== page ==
Lolicon media is loosely defined. Some define its characters by age, while others define its characters by appearance (those that are small and flat-chested, independent of age).[9] Lolicon works often depict girl characters as innocent, precocious, and sometimes flirtatious;[78] characters may appear in borderline or outright sexual situations, though the term can be applied to works with neither (see § Relation to moe).[78]

According to Kaoru Nagayama, manga readers define lolicon works as those "with a heroine younger than a middleschool student", a definition which can vary from characters under age 18 for "society at large", to characters "younger than gradeschool-aged" for "fanatics", and to "kindergarteners" for "more pedophiliac readers".[79] Elisabeth Klar observes that girl characters in lolicon can show an "contradictory performance of age" in which their body, behavior, and role in a story conflict;[80] an example is the roribabā[s] ("Lolita granny") archetype, a girl character who speaks with the mannerisms of an old woman.[81] Curvy hips and other secondary sex characteristics similarly appear as features in some of the genre's characters.[82] Plot devices often explain the young appearance of characters who are non-human or actually much older.[83]

Lolicon manga, often published as dōjinshi or compiled in anthology magazines,[84] is mostly consumed by male audiences,[8][t] though Nagayama notes that the works of Hiraku Machida [ja] have "resonated with female readers" and "earned the support of women".[86] Other notable artists include Aguda Wanyan and Takarada Gorgeous.[87] Female creators of lolicon works include Erika Wada[88] and Fumio Kagami [ja].[89]

Lolicon imagery is a prominent theme in Superflat, a manga-influenced contemporary art movement founded by Takashi Murakami. Prominent Superflat artists whose works feature lolicon imagery include Mr. and Henmaru Machino.[90] Murakami himself did a lolicon-inspired photoshoot with Britney Spears for the cover of the magazine Pop.[91]

Relation to moe

In the 1990s, lolicon imagery evolved and contributed to the mainstream development of moe, the generalized affective response to fictional characters (typically bishōjo characters in manga, anime, and computer games) and its associated design elements.[13][92] The bishōjo character form moved from niche, otaku publications to mainstream manga magazines, and saw explosive popularity in the decade with the rise of bishōjo games and anime series such as Sailor Moon and Neon Genesis Evangelion, which pioneered media and merchandising based on fan affection for their female protagonists.[93] Moe characters, which tend to be physically immature girl characters exemplified by cuteness,[94] are ubiquitous in contemporary manga and anime.[95] In contrast to lolicon works, sexuality in moe is treated indirectly[13] or not at all;[96] the moe response is often defined with emphasis on platonic love.[97]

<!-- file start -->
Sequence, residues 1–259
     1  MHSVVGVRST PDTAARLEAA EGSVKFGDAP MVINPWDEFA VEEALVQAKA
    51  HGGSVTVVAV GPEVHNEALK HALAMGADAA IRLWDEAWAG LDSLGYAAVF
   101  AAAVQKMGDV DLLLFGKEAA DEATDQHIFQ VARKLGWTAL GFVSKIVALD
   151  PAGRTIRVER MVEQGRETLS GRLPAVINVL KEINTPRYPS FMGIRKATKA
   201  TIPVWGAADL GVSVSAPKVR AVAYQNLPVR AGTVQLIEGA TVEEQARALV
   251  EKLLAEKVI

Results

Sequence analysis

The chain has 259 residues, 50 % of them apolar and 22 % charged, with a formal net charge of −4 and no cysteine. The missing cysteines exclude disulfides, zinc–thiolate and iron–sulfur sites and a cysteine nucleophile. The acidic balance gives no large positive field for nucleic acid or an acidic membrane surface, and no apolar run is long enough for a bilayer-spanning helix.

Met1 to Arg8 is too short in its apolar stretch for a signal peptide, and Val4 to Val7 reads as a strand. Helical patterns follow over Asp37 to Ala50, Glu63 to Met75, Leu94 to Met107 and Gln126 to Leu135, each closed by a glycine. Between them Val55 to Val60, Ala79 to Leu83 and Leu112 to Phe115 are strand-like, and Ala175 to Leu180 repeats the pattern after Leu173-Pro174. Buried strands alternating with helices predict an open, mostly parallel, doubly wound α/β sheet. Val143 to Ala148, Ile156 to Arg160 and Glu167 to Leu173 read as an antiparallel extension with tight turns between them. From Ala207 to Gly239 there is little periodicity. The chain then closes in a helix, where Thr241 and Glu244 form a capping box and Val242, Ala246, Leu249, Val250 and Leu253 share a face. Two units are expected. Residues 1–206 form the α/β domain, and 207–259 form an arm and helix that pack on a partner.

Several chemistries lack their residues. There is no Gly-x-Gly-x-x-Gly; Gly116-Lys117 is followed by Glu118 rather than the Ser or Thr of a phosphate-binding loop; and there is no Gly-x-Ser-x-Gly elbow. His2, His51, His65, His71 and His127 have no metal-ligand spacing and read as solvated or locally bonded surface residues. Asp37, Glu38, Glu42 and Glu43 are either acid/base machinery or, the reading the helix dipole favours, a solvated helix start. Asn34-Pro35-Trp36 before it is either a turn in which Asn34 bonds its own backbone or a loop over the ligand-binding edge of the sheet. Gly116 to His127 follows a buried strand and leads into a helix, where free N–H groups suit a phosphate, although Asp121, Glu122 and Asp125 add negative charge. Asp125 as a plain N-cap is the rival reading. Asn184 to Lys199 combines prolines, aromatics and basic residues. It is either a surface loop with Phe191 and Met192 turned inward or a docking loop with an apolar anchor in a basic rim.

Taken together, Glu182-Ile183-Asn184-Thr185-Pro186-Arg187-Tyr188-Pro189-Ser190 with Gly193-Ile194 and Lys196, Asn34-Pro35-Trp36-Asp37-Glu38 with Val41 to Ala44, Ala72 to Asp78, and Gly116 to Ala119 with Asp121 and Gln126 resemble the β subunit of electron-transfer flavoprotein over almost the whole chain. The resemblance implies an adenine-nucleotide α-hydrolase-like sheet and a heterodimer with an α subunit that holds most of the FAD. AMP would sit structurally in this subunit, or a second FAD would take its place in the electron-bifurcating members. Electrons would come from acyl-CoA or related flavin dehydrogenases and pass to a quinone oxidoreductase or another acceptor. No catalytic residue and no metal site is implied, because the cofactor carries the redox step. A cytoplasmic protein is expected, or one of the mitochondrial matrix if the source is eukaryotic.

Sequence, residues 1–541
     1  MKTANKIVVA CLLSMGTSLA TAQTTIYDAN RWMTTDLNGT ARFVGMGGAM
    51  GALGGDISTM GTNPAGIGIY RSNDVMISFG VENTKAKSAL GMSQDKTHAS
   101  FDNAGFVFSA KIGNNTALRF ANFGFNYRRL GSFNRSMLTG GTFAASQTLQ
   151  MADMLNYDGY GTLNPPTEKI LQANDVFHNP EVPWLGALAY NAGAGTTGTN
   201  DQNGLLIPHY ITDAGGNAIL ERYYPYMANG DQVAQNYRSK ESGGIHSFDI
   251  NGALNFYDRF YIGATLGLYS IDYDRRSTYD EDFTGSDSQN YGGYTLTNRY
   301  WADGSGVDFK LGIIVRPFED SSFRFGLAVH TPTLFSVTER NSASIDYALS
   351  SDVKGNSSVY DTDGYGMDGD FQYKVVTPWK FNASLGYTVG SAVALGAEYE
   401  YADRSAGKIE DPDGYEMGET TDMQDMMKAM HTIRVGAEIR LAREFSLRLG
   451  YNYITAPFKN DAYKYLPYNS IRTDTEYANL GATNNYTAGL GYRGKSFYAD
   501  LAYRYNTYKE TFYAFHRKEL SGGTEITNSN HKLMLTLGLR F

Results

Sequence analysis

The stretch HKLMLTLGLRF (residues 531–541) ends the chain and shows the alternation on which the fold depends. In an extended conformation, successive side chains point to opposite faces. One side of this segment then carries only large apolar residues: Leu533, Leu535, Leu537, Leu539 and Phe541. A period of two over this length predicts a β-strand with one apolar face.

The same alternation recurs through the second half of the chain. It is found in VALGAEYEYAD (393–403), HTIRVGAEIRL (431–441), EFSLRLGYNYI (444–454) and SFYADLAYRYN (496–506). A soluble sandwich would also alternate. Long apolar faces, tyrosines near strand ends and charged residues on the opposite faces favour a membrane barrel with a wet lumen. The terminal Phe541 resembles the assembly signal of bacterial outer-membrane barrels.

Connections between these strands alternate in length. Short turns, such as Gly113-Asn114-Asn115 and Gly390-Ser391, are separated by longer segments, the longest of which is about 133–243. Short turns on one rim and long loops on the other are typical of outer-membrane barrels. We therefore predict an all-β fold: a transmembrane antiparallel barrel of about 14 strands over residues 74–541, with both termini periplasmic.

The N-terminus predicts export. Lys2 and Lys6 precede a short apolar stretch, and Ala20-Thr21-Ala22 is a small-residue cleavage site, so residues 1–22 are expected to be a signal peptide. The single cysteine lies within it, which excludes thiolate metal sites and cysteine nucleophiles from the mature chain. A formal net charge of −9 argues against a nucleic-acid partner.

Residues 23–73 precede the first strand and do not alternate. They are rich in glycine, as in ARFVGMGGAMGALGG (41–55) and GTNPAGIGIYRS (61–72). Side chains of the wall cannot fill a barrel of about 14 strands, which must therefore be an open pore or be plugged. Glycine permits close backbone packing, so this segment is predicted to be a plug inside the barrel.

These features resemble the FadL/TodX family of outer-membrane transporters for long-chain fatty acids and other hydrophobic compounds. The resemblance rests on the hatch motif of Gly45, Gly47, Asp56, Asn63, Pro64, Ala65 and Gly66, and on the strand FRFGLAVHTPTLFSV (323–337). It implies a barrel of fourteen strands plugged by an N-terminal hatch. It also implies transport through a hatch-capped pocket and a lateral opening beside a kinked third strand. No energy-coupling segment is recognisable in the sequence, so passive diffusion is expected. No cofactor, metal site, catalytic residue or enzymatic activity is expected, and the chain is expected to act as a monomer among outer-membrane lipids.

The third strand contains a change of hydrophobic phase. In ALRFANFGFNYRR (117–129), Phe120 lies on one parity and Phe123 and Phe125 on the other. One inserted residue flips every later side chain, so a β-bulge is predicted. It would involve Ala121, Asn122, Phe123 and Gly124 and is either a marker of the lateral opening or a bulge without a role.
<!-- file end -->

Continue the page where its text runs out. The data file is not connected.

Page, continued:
John Oppliger of AnimeNation identifies Ro-Kyu-Bu!, Kodomo no Jikan, and Moetan as examples of series which challenge the distinction between moe and lolicon through use of sexual innuendo, commenting that they "satire the chaste sanctity of the moé phenomenon" and "poke fun at viewers and the arbitrary delineations that viewers assert".[96] "Moe-style" lolicon works depict mild eroticism, such as glimpses of underwear, and forgo explicit sex.[98]

Genre features

Akira Akagi identified five themes in lolicon manga in 1993: sadomasochism, "groping objects" (alien tentacles or robots in the role of the penis), "mecha fetishes" (combinations of a machine and a girl), erotic parodies of mainstream anime and manga, and "simply indecent or perverted stuff", also noting common themes of lesbianism and masturbation.[99] Media scholar Setsu Shigematsu argues that these forms of substitution and mimicry enable lolicon to "transform straight sex into a parodic form".[100] More extreme works depict themes including coercion, rape, incest, bondage, and hermaphroditism.[101]

Nagayama argues that most pornographic lolicon manga deal with a "consciousness of sin", or a sense of taboo and guilt in its consumption.[102] Some manga manage this by portraying the girl as enjoying the experience in the end, while others represent the girl as the active partner in sex who seduces men to her.[103] Other lolicon manga, where "men are absolute evil and girls are pitiable victims", indulge in the "pleasure of sin" through the breaking of taboos,[104] which he argues affirms the fragility of the characters.[105] He posits that manga depicting sex between children avoid the "consciousness of sin" via mutual innocence, while also thematizing nostalgia and an idealized past,[106] while other lolicon manga accomplish this through characters with especially unrealistic and moe designs, where "it is precisely because fiction is distinguished from reality as fiction that one can experience moe".[107]

Legality and censorship